Intel and Qutech Researchers Make Advance Toward Clearing up Critical Quantum Bottleneck

Intel Qutech
Intel and Qutech scientists demonstrated high-fidelity two-qubit control using Horse Ridge, Intel’s cryogenic qubit control processor.(Credit: Intel Corporation)

A research team led by Intel and Qutech scientists demonstrated high-fidelity two-qubit control with a qubit control processor. The team, which reported their findings in a research paper published in Nature Machine Intelligence, used Horse Ridge, Intel’s cryogenic qubit control processor.

They report that the results address a critical challenge in the scalability of quantum interconnects — the “interconnect bottleneck.” This bottleneck appears between the quantum chip in a dilution refrigerator and the room-temperature electronics controlling the quantum chip. The team adds that if those electronics can be designed to operate at high fidelity at cryogenic temperatures, they can ultimately be integrated with the qubits on the same die or package, overcoming the ‘wiring bottleneck.’

According to the researchers: “We demonstrate the capabilities of the control chip by programming a number of benchmarking protocols, as well as the Deutsch–Josza algorithm, on a two-qubit quantum processor. These results open up the way towards a fully integrated, scalable silicon-based quantum computer.”

The study offers two critical achievements, according to the researchers. First, an industry standard randomized benchmarking test in the quantum field has been used for the first time, which demonstrates that the Horse Ridge cryogenic control chip achieves the same fidelity as commercial room temperature electronics when controlling a two-qubit processor. The use of randomized benchmarking may mean that Horse Ridge can achieve qubit operations of 99.99 percent fidelity.

Also, the Intel-Qutech researchers said they showed the programmability of the controller using a two-qubit algorithm called the Deutsch–Jozsa algorithm, a simple algorithm that is much more efficient on a quantum computer than a traditional computer. Overall, the results indicate Horse Ridge can control multiple qubits on a single radio frequency line – also known as frequency multiplexing.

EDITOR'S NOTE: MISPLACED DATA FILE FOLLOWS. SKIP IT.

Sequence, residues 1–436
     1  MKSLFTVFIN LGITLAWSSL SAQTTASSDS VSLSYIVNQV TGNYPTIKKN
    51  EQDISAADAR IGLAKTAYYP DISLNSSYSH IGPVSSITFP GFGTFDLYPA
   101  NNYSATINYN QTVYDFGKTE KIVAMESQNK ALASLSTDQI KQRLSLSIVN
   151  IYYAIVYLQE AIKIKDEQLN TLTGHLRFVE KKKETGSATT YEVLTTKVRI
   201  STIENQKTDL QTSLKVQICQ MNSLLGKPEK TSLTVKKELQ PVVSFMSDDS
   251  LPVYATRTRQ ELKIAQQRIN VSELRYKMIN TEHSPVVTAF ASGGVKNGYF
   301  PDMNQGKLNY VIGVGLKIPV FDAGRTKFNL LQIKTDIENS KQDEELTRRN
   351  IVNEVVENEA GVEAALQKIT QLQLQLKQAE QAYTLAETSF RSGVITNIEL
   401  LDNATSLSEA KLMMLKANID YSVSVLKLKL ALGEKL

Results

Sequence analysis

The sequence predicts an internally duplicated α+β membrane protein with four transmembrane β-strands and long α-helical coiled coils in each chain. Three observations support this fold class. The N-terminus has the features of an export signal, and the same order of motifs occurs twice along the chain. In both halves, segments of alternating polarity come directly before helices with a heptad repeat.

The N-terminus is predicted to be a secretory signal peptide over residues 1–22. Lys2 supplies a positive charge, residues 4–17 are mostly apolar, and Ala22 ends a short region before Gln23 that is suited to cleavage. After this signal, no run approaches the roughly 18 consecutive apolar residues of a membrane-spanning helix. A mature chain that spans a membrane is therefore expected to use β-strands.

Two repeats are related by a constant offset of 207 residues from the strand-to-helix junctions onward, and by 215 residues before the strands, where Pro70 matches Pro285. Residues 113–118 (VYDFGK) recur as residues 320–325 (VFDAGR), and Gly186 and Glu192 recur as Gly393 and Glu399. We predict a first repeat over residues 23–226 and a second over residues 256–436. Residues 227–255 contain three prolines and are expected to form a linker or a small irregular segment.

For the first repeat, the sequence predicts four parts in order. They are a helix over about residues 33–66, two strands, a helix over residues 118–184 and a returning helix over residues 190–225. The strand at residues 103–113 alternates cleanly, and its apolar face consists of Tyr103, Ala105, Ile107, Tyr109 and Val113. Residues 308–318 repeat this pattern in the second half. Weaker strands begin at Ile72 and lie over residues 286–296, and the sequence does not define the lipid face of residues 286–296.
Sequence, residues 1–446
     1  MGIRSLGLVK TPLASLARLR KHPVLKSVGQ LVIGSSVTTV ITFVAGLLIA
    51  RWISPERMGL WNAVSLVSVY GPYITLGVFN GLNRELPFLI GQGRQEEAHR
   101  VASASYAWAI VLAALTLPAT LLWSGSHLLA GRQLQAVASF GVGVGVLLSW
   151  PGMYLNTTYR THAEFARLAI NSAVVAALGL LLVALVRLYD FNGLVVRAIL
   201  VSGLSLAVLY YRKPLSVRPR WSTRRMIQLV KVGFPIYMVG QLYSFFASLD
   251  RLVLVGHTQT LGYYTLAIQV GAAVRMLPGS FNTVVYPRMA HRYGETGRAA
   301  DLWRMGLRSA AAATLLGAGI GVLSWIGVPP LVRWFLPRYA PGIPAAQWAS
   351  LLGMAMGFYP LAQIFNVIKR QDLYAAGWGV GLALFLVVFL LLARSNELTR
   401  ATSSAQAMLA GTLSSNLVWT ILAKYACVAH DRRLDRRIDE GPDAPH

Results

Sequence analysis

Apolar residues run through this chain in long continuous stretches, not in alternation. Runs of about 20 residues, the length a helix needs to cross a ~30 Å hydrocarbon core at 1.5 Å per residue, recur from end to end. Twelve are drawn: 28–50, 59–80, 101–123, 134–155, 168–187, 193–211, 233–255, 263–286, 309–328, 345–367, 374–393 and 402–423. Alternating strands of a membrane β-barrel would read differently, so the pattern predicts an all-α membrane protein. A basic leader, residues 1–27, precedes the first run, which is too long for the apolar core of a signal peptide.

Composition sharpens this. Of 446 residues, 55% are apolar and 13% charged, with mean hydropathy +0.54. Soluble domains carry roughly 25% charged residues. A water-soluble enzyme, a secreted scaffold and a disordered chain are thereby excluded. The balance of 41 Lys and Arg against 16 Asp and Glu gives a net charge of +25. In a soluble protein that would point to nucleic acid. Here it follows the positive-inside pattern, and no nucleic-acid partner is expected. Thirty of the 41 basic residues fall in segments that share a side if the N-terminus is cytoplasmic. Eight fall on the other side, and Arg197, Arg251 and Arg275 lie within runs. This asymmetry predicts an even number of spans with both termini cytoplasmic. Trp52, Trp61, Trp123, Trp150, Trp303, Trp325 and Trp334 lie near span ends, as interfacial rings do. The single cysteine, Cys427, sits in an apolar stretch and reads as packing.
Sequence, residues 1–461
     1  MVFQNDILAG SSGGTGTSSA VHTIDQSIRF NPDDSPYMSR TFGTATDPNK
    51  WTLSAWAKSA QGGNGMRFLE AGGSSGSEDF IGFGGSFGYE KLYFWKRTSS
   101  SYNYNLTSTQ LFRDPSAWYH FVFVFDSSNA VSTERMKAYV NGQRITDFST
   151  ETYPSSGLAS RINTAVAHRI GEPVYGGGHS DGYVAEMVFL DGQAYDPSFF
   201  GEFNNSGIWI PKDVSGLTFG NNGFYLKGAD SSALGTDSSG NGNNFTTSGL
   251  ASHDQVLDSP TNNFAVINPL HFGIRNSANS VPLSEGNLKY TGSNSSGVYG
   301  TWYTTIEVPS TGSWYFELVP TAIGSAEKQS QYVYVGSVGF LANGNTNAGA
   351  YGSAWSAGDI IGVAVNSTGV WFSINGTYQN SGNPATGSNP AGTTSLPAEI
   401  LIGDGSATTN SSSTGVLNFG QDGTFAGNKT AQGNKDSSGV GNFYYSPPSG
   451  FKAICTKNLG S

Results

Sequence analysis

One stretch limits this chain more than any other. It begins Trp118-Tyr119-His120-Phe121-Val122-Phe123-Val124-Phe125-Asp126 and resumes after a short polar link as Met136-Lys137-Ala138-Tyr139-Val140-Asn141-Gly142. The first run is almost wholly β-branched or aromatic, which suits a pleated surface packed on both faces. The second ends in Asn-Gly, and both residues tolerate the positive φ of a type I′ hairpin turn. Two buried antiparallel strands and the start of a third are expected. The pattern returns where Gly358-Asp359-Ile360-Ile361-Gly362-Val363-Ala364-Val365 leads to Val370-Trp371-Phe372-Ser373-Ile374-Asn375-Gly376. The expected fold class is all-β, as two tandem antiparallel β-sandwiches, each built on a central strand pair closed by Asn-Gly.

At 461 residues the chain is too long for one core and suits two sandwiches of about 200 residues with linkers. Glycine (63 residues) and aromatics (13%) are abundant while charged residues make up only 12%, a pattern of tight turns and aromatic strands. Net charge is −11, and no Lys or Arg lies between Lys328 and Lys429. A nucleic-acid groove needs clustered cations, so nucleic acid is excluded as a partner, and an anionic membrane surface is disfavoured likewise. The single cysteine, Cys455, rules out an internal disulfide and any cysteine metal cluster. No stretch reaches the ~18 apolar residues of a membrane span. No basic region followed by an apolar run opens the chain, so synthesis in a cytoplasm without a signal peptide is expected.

“Both these advances indicate that it may be possible to fully integrate the controller chip and the qubits on the same die (as they are all fabricated in silicon) or package, thus further relieving the wiring bottleneck and solving a major roadblock on the path toward quantum scalability,” the team reported.

The research team includes: Xiao Xue, Bishnu Patra, Jeroen P. G. van Dijk, Nodar Samkharadze, Sushil Subramanian, Andrea Corna, Brian Paquelet Wuetz, Charles Jeon, Farhana Sheikh, Esdras Juarez-Hernandez, Brando Perez Esparza, Huzaifa Rampurawala, Brent Carlton, Surej Ravikumar, Carlos Nieva, Sungwon Kim, Hyung-Jin Lee, Amir Sammak, Giordano Scappucci, Menno Veldhorst, Fabio Sebastiano, Masoud Babaie, Stefano Pellerano, Edoardo Charbon and Lieven M. K. Vandersypen.

Matt Swayne
Matt Swayne
Matt Swayne is a contributor at The Quantum Daily. He focuses on breaking news about quantum discoveries and quantum computing. Matt enjoys working on -- and with -- startups and is currently working on a media studies master's degree, specializing in science communication.

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